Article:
Maddux is considered the most successful "smart" bowler of all time. He never had the pinnacle of Clement or Feller, but the consequence struck the opponents with intelligence and precision.

It's a bit unfair as fans often overlook their ridiculous values. Maddux won four Cy Youngs in a row, two of them in this three-year summit. Although he did not beat a lot of clubs, he had an ERA of 1.56 and 1.63 in 94 and 95, and his ERA + of 271 and 260 in those years were two of the top 5 singles seasons in MLB history. In Every Era

7. Tom Seaver 1971-73, bWAR: 26.0

The Seaver Summit lasted several seasons, but its best was in the early years of the decade. He only won a Cy Young on this track, but finished in the top five every three years. He scored an average of 20 wins and led the league twice in the areas of ERA, strikeouts and WHIP.

6. Sandy Koufax 1963-65, bWAR: 26.1

Koufax won three Cy Youngs in four seasons, and we also include the year in which he also won the NL MVP (1963) , At this stage, he hit twice twice, and his highest ERA was 2.04. This is an all-time timer for a summit and that's why he's in the Hall of Fame.

5. Gaylord Perry 1972-74, bWAR: 27.2

Perry won the Cy Young in 1972, and although he did not get so close to the prize in the following two seasons, he always won another 16.4 WAR was combined in & # 39; 73 and & # 39; 74. His numbers do not jump apart, although he has won 64 games in the three years. Its high war value is the result of its consistency and consistency, which is more than just a dominance in statistics.

4. Roger Clemens 1996-98, bWAR: 27.7

It's easy to joke about steroids when it comes to Clemens, but honestly, the numbers he sets up are wild. It would have been easy picking out any number of three years, but this one is outstanding. He twice won more than 20 games, led the league twice in the ERA, led the league three times in a row and led in 1997 a WAR of 11.9. Oh, and he also won Cy Young's opponents.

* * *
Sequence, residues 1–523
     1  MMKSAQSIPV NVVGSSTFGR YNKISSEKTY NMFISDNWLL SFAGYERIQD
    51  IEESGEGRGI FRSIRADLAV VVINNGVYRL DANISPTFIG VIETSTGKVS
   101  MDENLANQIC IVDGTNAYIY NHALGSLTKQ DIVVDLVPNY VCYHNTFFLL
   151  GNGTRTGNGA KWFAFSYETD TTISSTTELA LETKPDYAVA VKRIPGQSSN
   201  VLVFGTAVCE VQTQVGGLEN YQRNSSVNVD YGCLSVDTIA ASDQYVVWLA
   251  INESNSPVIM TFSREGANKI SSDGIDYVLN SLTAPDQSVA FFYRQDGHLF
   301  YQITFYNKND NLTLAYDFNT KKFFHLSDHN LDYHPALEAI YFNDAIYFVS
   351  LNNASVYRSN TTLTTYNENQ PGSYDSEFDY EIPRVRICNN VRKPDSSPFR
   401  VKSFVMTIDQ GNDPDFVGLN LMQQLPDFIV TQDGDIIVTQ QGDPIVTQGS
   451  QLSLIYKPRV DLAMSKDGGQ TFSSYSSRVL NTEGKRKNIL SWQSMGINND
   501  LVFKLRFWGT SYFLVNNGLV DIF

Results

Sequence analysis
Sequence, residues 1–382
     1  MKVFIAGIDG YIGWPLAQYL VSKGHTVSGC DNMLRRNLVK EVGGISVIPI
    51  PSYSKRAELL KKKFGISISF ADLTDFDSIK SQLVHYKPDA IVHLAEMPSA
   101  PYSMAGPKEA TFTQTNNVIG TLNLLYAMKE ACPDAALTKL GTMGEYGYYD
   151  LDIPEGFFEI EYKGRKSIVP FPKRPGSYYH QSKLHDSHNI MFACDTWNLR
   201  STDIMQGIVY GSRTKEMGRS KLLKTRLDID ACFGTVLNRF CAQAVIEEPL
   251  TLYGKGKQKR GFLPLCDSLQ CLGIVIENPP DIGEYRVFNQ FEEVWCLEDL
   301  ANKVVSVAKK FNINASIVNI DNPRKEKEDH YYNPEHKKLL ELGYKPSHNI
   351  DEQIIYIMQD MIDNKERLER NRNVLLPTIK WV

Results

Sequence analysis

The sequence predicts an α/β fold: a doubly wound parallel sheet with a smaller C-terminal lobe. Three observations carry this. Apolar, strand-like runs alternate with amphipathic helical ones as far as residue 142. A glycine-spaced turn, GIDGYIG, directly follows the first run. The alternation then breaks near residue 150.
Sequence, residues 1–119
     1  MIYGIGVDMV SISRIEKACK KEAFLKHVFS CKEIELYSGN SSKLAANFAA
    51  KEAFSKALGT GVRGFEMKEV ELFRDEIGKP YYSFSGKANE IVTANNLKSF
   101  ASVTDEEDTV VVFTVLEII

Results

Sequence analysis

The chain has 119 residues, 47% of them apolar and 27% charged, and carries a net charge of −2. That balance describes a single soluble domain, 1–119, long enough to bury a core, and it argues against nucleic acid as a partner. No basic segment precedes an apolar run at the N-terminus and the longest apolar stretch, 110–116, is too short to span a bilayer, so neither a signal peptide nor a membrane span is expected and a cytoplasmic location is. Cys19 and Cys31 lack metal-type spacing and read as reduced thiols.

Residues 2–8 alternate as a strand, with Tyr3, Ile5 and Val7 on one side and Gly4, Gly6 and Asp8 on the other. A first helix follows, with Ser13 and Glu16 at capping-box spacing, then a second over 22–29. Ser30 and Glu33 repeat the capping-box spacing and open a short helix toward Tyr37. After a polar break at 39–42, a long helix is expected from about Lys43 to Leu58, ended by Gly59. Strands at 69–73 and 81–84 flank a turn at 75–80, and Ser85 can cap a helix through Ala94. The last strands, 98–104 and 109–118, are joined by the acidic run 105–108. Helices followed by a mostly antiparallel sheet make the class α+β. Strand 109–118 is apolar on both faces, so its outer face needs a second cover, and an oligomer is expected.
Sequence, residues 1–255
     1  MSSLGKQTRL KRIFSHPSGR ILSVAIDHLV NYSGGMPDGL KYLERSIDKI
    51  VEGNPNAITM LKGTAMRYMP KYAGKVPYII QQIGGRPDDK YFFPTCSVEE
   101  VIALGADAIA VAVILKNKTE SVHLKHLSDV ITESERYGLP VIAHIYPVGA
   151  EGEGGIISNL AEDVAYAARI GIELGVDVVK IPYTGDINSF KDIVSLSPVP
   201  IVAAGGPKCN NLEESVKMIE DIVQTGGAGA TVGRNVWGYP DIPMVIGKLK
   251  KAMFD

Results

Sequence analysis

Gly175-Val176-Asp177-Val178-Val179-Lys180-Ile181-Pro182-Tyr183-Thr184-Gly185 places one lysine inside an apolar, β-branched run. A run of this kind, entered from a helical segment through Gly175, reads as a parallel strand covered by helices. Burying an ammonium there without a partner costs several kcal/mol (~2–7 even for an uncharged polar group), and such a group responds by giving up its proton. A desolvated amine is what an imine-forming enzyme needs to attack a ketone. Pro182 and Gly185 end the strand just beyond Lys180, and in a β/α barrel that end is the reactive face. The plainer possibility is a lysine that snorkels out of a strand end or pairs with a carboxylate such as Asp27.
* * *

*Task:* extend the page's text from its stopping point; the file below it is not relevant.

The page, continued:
3. Pedro Martinez 1998-00, bWAR: 28.8

When I sat down to compile this list, I assumed that Martinez's turn of the century would be the clear number one would. He falls to third, but do not let that take you away from his really ridiculous numbers. His 99s season is the stuff of legend, and then he went out in 2000 with 11.7 WAR.

In the middle of the steroid era, Martinez twice finished the top 5 in MVP voting. And it was not crazy. That says everything you need to know.

. 2 Randy Johnson 2000-02, bWAR: 28.9

It's fitting that Martinez and Johnson are so high on the list because they both dominated the same era of baseball and both in the MLB Hall of Fame of the MLB The same class was recorded.

Probably the most physically impressive bowler of all time, many hitter have described how really awful it was to see The Big Unit out of the box of the dough. This is particularly true for this track, where he won three of his four consecutive Cy Young Awards. He scored an average of 21.3 wins and 351 rashes per season.

Allow me to emphasize myself once more. 351 rashes. On average.

As a reminder, only 17 pitchers have ever achieved this mark, and Johnson has worked four years in a row. In retrospect, it's no wonder he landed so high on the list.

1. Bob Gibson 1968-70, bWAR: 30.5

Gibson won two Cy Youngs and one MVP on this three-year track, including 20 or more games a year, but the real story is his 1968. In this MVP This season, Gibson had an incredible era of 1.12 ERA, which represents a modern record. His astounding numbers changed the game as Major League Baseball decided to lower the hill after its dominant season. So it should come as no surprise that he is number one with one point on this list.

I have a general philosophy: If you're so incredibly dominant that the sport needs to make immediate rule changes, then you're the number one on every list.

In the end, Scherzer was only twelfth In this list, which is based on WAR, a more subjective view could easily bring him a few points. Palmer and Perry were both volume-driven, and there are very strong arguments in favor of Scherzer's summit, which is stronger than that of Kershaw, Santana and even Seaver.

Gibson, Johnson, Martinez, Clemens, Koufax and Maddux are equally unassailable owners of the biggest three-year highs in modern times, but if you like its price hardware, consistent dominance, the propensity for amazing things (such as no punches throwing and hitting 20 thugs in a single match) and historic strike combine Overall, Scherzers season 2016/18 has an argument for seventh to twelfth place in the last 70 years of Major League Baseball.

It was an incredible run, and probably none compared to another DC athlete (not called Ovi). It's one of the most impressive peaks ever, and fans in the country's capital are lucky enough to see such a master as work every five days.


Source link